You worry that they watch too much TV, and that this also stifles their creativity. Then you notice them playing Ninjago instead of a game they made up themselves, and you know you need to do a detox, but you can’t quite get up the gumption to cut them off, and you know they do honestly need TV to calm down. You worry the dogs steal their food too often and they will grow up to be cat people. You worry they don’t play outside enough. You worry that someone will notice their socks don’t match, or their shirt is stained, or that you forgot to wipe the peanut butter and jelly off their face. For someone with GAD, children are walking, talking, adorable foci of terror.

Then there is the inexplicable. You are terrified, utterly terrified, by baskets of laundry. They sit in your — wherever your laundry baskets sit. Mine sit in my kitchen, and you can judge away, bitches, because they still sit there and torment me with their whiteness, their spilling-over fullness, the fact that clean clothes are falling on the floor and all I can manage to do is to pick them up and put them back in the basket. It takes 10 full baskets and a [legally prescribed] Klonopin for me to sort laundry. And when I do, I leave it in clothes baskets in front of my kids’ drawers, because I totally do not have time to fold laundry. I worry you are judging me for this. I especially worry that the babysitter is judging me for this, and I try to make a joke of it: “I’m too busy doing art with the kids to fold laundry,” I say. We’ve thrown one pot this week. Now I’m worried that you’re judging me for lying to the babysitter.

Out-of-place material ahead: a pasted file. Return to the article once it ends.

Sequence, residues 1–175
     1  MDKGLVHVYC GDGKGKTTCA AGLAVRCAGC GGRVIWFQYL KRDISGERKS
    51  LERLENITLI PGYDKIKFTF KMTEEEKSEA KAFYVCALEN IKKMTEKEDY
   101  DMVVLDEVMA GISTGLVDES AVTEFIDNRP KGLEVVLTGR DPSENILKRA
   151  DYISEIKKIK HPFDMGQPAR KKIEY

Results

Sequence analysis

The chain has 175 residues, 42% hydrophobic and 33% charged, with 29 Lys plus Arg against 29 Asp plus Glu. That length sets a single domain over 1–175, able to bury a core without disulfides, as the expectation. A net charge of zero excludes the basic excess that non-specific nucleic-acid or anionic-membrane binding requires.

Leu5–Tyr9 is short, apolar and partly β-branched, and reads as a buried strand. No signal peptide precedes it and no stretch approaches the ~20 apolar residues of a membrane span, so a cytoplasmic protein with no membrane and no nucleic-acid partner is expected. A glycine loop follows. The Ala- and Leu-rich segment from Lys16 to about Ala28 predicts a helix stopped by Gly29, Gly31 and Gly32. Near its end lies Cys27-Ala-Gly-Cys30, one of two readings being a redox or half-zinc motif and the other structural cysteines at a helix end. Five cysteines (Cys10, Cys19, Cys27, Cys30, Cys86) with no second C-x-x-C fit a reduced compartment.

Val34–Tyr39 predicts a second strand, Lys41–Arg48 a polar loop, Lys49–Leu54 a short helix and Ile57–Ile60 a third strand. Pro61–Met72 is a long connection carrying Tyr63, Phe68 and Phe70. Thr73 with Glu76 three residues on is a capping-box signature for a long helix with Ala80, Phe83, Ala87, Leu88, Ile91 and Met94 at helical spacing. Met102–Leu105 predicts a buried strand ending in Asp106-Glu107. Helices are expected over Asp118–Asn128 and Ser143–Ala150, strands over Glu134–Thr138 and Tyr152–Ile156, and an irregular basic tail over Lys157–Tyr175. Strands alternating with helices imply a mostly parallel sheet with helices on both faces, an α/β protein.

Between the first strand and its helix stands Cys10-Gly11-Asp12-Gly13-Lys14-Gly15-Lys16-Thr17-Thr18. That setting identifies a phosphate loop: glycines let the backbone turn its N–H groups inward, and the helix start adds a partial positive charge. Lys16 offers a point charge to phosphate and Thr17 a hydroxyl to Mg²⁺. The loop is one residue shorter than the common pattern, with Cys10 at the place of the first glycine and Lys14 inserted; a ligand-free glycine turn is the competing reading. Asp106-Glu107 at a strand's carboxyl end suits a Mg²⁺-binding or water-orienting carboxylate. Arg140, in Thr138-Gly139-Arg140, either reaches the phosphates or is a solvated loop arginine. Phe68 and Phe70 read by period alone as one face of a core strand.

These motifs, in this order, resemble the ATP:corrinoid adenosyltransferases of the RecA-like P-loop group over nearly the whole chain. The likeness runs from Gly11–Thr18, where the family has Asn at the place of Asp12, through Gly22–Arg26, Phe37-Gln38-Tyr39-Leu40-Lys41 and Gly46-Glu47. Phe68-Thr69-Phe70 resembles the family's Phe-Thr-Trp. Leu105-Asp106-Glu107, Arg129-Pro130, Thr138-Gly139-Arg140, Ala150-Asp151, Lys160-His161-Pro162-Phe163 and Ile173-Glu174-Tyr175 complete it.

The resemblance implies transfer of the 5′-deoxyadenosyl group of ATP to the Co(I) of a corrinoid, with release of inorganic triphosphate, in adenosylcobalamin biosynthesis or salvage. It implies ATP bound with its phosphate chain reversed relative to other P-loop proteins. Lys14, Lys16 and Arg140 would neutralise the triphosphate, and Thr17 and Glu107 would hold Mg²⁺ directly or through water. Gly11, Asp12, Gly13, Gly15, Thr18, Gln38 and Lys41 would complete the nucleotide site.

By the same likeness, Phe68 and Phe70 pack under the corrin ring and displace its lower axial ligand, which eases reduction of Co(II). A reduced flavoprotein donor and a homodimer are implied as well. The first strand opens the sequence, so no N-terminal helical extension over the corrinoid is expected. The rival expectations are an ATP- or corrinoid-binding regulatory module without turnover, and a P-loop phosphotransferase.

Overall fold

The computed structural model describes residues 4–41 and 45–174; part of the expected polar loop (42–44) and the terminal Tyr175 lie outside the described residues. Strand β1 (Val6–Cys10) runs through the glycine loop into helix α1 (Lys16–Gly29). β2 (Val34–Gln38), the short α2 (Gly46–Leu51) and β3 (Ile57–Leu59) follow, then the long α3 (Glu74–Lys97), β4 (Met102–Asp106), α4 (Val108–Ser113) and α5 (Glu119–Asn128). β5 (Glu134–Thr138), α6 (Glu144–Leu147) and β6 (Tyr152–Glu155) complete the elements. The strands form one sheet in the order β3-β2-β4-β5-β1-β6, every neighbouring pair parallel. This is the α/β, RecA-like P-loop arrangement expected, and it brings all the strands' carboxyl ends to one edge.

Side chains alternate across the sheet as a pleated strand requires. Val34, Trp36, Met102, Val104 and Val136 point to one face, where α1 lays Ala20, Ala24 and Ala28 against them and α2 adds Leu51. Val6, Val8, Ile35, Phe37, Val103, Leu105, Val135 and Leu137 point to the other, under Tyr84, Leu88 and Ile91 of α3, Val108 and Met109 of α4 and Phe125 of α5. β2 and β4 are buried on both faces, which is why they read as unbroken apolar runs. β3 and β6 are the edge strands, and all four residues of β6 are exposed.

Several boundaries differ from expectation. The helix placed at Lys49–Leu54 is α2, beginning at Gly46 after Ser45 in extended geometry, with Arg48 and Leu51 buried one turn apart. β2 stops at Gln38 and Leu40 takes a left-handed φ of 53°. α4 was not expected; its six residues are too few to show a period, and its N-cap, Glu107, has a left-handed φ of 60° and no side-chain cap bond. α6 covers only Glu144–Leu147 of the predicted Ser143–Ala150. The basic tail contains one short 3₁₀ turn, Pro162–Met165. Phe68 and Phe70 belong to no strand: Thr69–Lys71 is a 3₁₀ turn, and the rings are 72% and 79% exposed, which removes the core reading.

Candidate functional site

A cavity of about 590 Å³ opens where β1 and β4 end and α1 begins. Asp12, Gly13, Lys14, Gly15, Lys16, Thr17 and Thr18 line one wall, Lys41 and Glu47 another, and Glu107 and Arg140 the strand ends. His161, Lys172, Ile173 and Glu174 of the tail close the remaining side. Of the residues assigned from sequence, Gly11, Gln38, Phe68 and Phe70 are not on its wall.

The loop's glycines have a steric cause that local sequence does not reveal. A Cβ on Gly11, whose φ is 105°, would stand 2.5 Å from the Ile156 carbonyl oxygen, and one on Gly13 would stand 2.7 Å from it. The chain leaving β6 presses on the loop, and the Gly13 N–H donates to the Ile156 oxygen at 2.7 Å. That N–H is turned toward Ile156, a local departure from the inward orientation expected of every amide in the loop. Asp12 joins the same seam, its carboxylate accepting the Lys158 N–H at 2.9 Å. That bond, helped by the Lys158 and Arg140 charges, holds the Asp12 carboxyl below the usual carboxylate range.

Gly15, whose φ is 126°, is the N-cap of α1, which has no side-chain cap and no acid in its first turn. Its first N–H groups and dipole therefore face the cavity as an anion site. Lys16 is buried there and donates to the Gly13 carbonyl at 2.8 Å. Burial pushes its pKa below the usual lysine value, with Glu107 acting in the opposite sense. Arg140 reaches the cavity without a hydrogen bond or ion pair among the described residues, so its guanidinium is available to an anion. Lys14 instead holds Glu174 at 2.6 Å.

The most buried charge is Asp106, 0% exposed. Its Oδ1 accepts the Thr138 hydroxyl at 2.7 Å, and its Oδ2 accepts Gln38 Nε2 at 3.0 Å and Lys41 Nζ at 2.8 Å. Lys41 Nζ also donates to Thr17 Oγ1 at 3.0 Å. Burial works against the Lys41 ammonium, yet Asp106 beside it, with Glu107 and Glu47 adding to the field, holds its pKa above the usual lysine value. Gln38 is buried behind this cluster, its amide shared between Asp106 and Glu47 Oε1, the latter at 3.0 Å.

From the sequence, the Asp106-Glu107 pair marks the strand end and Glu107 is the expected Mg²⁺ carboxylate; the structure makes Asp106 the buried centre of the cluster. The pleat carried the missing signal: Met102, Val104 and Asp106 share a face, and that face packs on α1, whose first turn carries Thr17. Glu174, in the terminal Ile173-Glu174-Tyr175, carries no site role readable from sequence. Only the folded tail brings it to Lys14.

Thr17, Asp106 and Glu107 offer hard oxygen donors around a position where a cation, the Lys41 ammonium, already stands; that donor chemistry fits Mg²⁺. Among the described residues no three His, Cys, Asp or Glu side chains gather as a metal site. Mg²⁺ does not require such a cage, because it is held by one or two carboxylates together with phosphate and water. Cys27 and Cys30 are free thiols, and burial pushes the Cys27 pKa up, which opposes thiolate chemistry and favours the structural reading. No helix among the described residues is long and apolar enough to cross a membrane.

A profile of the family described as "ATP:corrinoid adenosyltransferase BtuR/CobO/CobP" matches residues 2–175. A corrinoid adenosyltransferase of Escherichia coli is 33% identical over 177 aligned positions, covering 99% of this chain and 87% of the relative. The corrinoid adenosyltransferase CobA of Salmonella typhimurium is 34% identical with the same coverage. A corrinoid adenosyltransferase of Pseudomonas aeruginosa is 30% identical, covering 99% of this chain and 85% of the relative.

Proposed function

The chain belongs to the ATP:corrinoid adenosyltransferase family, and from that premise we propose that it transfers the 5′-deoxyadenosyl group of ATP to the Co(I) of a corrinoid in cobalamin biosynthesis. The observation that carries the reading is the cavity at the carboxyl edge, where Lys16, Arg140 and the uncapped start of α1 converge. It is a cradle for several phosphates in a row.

The babysitter. Oh, the terror of the babysitter. You do not know, unless you have GAD, the agony of having a babysitter. First there’s the terror that she’ll think your house is a DSS-call-worthy cesspool. So you have to clean all the things, especially the bathrooms, because boys pee all over the floor, and especially the kids room, because they also throw Legos all over the floor. You have to get on your knees and beg her to make them clean up after themselves, because that one time they didn’t and you came home and cried in front of God and everyone. Then you leave, and you pray she has the sense to keep them away from the hose and not kidnap them and leave the dogs outside and know the Heimlich maneuver if the baby chokes.

Basically, having GAD means you’re overly terrified of random things that make sense (car accidents) and panicked about things that are completely innocuous and will work themselves out in the end anyway. Do not tell us this. We will punch you, because believe me, if we could turn this shit off, we would. No amount of rationalization will convince us that the laundry baskets are not a terror-inducing misery or that the babysitter will be totally fine. We can’t talk our way out of it. We just have to live it, one fear at a time.

For many of us, prescription drugs help. So does talk therapy. And so does a nonjudgmental hug. Because as afraid as we are, it helps if someone is willing to be in that space with us. You don’t have to understand. You just have to be there. And maybe fold the laundry yourself.